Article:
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Old 08-23-2011, 02:42 PM   #1
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Everdry? ever right?


Has anyone used everydry's multi step process to combat moisture in a basement?

We bought a repo w/ a walkout basement last year and are now running into a problem w/ moisture and mustiness, some green mold too ick
I have two sump holes in the basement, but have not used them

Everydry person found 4 cracks 2 all the way through inside and out in our basement wall (only the wall that is completely underground)

I am not so sure we need to spend $17,000 to fix this problem?

But i have been told dehumidifiers cause lime to leach faster from cement?

anyone have any advice?
I don't think we can afford everydry's solution, and it doesn't all add up to me.

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Old 08-23-2011, 03:15 PM   #2
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If they are telling you they can remedy your moisture issues all from the inside they are trying to sell you total BS...

Moisture in basement spaces needs to be dealt with from the exterior to be a long-term solution. Any "first-steps" done from the interior are totally temporary and bound to fail...

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Old 08-24-2011, 08:55 AM   #3
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They told me i needed work done on it inside and out, but the inside work they want to sell me I dont' need. There is already a tile system in place in this basement. Had the neighbor out who's nephew had the place built and he said there is tiling under the cement and the sump pits are meant to have a pump in them and pull that out.

So we are starting there, then my husband and I are pretty confident we can do the same thing everdry was talking about doing on the outside. all they were going to do is dig down just below the frostline put a drain tile in and river rock, and continue the tile out to however far is mandated by local ordinance. pretty simple. Oh and they were going to repaint the tar that is used as a moisture barrier on the outside of the basement.

My husband and I talked about going one step farther after all that is done, we talked about getting a sealant to paint on the inside of the basement to help provide another moisture barrier.
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Old 08-24-2011, 12:39 PM   #4
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Quote:
Originally Posted by MeganVonDeylen View Post
They told me i needed work done on it inside and out, but the inside work they want to sell me I dont' need. There is already a tile system in place in this basement. Had the neighbor out who's nephew had the place built and he said there is tiling under the cement and the sump pits are meant to have a pump in them and pull that out.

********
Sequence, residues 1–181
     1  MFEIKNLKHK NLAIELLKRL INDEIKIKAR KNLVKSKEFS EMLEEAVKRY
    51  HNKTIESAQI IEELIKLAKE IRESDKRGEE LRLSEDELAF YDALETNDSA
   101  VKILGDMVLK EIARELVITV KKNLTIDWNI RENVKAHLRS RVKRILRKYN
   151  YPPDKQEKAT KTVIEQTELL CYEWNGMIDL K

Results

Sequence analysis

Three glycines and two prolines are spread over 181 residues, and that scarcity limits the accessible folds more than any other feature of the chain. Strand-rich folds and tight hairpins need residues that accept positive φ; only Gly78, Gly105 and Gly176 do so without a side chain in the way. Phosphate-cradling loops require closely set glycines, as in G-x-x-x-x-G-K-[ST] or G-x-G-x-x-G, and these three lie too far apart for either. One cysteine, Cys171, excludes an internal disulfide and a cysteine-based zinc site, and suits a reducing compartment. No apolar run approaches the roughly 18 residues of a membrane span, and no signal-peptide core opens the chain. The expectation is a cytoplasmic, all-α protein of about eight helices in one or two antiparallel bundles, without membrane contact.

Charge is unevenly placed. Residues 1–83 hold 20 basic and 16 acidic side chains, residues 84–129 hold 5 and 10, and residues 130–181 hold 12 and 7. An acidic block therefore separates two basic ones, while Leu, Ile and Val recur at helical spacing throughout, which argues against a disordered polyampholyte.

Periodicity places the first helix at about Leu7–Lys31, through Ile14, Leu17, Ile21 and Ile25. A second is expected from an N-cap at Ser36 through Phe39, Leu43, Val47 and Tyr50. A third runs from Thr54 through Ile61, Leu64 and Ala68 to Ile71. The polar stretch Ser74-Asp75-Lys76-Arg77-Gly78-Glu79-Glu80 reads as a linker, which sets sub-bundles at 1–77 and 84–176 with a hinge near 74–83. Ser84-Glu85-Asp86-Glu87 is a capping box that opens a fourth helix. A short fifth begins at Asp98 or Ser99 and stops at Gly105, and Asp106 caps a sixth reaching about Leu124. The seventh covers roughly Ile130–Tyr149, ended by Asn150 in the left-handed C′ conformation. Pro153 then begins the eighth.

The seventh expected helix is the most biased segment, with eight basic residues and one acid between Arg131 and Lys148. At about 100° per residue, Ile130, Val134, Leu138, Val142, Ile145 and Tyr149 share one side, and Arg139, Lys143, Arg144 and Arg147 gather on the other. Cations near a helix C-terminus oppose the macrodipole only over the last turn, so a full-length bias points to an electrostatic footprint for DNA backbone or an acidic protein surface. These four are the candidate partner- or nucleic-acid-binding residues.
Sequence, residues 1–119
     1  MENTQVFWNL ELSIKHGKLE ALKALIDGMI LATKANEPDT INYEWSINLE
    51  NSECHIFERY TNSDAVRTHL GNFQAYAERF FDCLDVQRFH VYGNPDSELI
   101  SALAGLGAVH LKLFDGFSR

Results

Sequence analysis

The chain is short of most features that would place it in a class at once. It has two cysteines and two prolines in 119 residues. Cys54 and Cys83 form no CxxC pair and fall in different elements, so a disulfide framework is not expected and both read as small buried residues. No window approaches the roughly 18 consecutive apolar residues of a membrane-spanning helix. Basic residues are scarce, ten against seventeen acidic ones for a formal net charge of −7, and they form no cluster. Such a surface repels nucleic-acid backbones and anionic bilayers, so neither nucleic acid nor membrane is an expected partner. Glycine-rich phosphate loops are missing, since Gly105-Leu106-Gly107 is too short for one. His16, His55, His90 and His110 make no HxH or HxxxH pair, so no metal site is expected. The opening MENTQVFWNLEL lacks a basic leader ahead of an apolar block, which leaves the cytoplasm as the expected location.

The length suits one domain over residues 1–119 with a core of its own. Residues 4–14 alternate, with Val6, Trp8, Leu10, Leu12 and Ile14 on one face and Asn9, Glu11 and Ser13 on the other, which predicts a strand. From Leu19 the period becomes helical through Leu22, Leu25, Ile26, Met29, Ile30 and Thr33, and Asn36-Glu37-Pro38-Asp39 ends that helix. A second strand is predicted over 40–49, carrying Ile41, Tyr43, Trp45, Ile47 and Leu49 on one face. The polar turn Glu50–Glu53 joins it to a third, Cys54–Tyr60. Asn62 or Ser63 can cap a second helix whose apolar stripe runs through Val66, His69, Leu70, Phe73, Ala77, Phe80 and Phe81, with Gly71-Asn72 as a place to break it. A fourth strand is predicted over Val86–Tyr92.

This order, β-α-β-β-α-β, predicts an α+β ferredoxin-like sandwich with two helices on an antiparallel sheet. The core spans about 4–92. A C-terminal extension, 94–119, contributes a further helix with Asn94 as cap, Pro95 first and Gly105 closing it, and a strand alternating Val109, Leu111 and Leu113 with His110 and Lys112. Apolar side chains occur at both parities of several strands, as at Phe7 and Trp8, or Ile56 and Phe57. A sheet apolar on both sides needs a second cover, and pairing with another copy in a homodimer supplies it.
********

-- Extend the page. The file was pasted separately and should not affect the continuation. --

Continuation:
So we are starting there, then my husband and I are pretty confident we can do the same thing everdry was talking about doing on the outside. all they were going to do is dig down just below the frostline put a drain tile in and river rock, and continue the tile out to however far is mandated by local ordinance. pretty simple. Oh and they were going to repaint the tar that is used as a moisture barrier on the outside of the basement.

If you're willing to go through that amount of work, you may as well complete the job, and expect far better results, by digging all the way to the bottom of the footing. Dig next to the footing & replace the exterior draintile, flush the bleeder tile, re-apply a damproof coating, & install something over it to protect the coating.

My husband and I talked about going one step farther after all that is done, we talked about getting a sealant to paint on the inside of the basement to help provide another moisture barrier.
Believe it or not, that's actually a step backwards. It is temporary at best, and it will leave a mes of a job in the future for someone else to deal with. Skip the interior coating, period.
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Old 08-24-2011, 12:50 PM   #5
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So what is the proper way to keep the interior concrete in good shape and be able to finish it off? My great grandfather used a rubber type coating on his interior basement walls and didnt have a problem for 50 yrs, in fact there still havent been any issues with that basement since he passed 20 + yrs ago. Of course he had the exterior done properly as well when he built the house
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Old 08-24-2011, 12:55 PM   #6
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So what is the proper way to keep the interior concrete in good shape and be able to finish it off? My great grandfather used a rubber type coating on his interior basement walls and didnt have a problem for 50 yrs, in fact there still havent been any issues with that basement since he passed 20 + yrs ago. Of course he had the exterior done properly as well when he built the house
The interior coating isn't what made the basement dry, the exterior work did. If a wall leaks through the exterior shell, it will eventually destroy the interior coating unless the interior cavity is detailed perfectly.
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Old 08-26-2011, 03:46 PM   #7
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Quote:
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Of course he had the exterior done properly as well when he built the house
That's the reason in interior coating has lasted 50 years.

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